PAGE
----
Who Wants Hosted Video?
Defining a target audience for VSaaS greatly affects how the final product looks. VSaaS holds far more mass-market appeal than enterprise-grade PSIM, requiring the user interface to be as intuitive and friendly as possible.
The residential market holds potential in the U.K. “The upper end of the residential market have intruder alarms in 50 percent of homes,” Pigram said. “So there's opportunity to add surveillance to those properties. It's not just for verification of alarms, but to give users information, such as of their pets left in the house and to see if they're all right.”
Most people are understandably squeamish about surveillance in their homes, which is why Honeywell focuses on business owners. “We sell it primarily in a commercial space; retail; quick service such as fast food and convenience stores; office buildings; professional buildings for doctors and chiropractors; and light manufacturing,” Smith said.
Honeywell examined market needs and found commercial users were maintaining their equipment more reactively. “With traditional video, a lot of people would go back and look back into their system, but the DVR failed, wasn't recording or the camera went out,” Smith said. “With the service, we found out customers needed to be notified when equipment wasn't working. They can know when a camera went offline, as the system can send notifications to the dealer and users.”
Business owners with multiple locations are a key target for VSaaS, which allows them to store video to the cloud, rather than buying a recorder for each shop. “You may have a chain of muffler stores, where the business owner with eight locations wants to check each location,” Smith said. “We provide a single login for the user. … We want to make it light upfront so it's not a heavy investment in equipment for the user, to lower the barrier of entry and capture RMR from these types of services.”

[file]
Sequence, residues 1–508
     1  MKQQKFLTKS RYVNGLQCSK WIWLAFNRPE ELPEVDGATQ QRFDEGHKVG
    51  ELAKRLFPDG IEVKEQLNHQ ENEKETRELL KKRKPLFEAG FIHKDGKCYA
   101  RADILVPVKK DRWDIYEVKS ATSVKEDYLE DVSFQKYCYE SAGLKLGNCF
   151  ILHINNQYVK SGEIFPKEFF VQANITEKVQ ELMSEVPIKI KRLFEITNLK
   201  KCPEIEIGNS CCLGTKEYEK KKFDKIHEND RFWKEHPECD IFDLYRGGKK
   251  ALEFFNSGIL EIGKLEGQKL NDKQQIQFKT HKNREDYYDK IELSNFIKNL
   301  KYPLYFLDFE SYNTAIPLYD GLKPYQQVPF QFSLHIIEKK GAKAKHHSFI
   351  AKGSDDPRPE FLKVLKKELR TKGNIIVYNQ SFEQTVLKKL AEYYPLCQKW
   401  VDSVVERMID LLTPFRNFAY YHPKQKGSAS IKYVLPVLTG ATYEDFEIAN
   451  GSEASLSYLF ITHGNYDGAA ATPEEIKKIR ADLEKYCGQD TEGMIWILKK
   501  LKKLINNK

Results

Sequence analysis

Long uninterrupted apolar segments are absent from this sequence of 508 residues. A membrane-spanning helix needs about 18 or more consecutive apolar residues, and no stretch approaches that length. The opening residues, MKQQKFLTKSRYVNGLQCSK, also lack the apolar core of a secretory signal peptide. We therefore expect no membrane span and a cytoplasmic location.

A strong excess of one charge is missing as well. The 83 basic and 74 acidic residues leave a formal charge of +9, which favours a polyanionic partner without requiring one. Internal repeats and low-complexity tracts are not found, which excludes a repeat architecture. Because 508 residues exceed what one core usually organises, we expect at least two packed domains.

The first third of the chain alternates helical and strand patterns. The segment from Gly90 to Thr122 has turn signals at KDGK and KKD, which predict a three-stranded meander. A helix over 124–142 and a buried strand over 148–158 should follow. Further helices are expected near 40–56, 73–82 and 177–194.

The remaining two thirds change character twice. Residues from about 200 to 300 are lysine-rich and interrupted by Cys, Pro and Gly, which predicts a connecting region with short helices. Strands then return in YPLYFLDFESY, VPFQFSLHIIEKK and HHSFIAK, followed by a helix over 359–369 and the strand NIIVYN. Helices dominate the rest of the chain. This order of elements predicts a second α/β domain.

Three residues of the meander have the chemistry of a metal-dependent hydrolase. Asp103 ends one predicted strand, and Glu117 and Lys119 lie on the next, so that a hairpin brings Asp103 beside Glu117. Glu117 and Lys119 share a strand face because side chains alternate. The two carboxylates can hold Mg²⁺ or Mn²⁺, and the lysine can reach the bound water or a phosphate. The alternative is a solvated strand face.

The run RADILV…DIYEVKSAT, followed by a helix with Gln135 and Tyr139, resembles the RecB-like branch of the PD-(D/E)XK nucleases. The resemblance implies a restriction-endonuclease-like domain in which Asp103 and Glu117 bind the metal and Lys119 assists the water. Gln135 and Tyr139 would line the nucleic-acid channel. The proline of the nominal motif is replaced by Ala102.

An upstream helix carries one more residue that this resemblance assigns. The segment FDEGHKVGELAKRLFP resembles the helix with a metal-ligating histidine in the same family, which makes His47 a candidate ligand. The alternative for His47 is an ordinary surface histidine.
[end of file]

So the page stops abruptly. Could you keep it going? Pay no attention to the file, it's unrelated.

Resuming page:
The target VSaaS customer will not be a large retailer or have a big security budget, but wants to view video remotely at an affordable rate. “VSaaS is OK for SME and residential customers with one to four cameras; not for corporate, but we're not seeing that market going to VSaaS,” Pigram said. “I'm less concerned in selling VSaaS to an existing market, as we're selling services to brand-new customers.”
VSaaS is not intended to replace alarm monitoring centers, but delivers viewing anytime, anywhere. It reduces capital outlay for DVRs and NVRs, and saves maintenance cost on spinning HDDs, Pigram said. Efficiency is being touted in some offerings, but the energy savings do not equate to a payback for the service provider.
However, the mobile “always-on” world is driving uptake. “Some of the things driving hosted video for residential are consumer electronics with tablets and smartphones,” Pigram said. “The customer is happy because they can utilize something they've bought, and we're happy because we don't need to provide a viewing platform. It reduces capital outlay and clutter in the house. The end user does not need to buy a DVR and monitor.”
The cloud's visibility and availability on mobile devices benefits VSaaS. "The biggest thing I've seen driving adoption is perception," Smith said. "Social media drives services. You see content being delivered in the cloud."